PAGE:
2. The facts found and/or admitted in this reference may shortly be stated as follows : For the assessment year 1963-64, the assessee had claimed that in the computation of its capital a provision for taxation Of the amount of Rs. 16,48,888 should be treated either as a part of capital under the head 'other reserves' under Rule 1 or as a deduction from cost of investments in terms of Clause (ii) of Rule 1 of the Second Schedule to the Super Profits Tax Act, 1963. This claim was disallowed by the Income-tax Officer. On appeal, the Appellate Assistant Commissioner held that the said provision was only an amount set apart to meet the liability for taxation, considered as accruing on the last date of the accounting year, and could not be treated as a reserve. But the alternative contention that such a provision fell under Clause (ii) of Rule 1 of the Second Schedule to the Super Profits Tax Act, 1963, was accepted and it was held that the said sum of Rs. 16,48,888 on account of this provision for taxation had to be reduced from the cost of investments in computing the capital base.

3. In respect of the assessment year 1964-65 a sum of Rs. 17,52,920 had been laid out by the assessee as a provision for taxation and the assessee claimed that the said amount should either be treated as a reserve or as a deduction in arriving at the net cost of investments under the provisions of the Companies (Profits) Surtax Act, 1964, for the purpose of computation of the assessee's capital. The Income-tax Officer again disallowed the claim of the assessee but on appeal the Appellate Assistant Commissioner upheld such claim on the alternative ground that it was to be deducted from the cost of investments under Rule 2(ii) of the Second Schedule of the Companies (Profits) Surtax Act, 1964.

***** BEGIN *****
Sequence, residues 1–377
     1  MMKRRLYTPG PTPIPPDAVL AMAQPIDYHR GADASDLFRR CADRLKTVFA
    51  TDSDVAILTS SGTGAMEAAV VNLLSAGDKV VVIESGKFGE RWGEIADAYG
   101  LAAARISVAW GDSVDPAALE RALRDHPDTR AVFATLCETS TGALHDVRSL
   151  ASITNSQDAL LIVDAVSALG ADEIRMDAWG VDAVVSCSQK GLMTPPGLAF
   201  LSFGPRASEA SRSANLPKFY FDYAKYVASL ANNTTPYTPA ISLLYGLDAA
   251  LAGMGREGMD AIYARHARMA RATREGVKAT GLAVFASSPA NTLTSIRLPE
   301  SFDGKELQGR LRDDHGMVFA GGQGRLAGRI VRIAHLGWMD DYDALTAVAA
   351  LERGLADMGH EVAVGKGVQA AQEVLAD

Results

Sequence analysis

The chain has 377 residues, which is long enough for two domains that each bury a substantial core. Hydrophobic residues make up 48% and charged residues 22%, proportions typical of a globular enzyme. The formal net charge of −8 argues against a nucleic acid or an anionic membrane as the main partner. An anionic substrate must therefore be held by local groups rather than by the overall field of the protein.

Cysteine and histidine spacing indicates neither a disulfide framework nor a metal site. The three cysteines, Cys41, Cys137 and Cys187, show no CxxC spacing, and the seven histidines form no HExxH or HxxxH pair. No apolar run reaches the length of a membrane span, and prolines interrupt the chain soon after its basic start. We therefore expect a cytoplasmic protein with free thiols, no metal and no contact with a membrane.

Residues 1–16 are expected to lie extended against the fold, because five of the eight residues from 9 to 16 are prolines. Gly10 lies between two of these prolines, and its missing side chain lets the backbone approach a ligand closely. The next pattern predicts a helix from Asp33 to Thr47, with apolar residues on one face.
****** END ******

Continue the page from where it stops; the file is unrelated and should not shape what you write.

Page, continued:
4. From the orders of the Appellate Assistant Commissioner in respect of both the assessment years 1963-64 and 1964-65, the revenue went up on further appeal before the Appellate Tribunal. The Tribunal held that the provision for taxation made by the assessee in both the assessment years was neither a 'fund' nor a 'surplus' and could not be a reserve to form part of the capital. Such a provision being made against a perfected debt did not qualify for any deduction as claimed by the assessee. From the order of the Tribunal the following questions have been referred :

For the assessment year 1963-64 :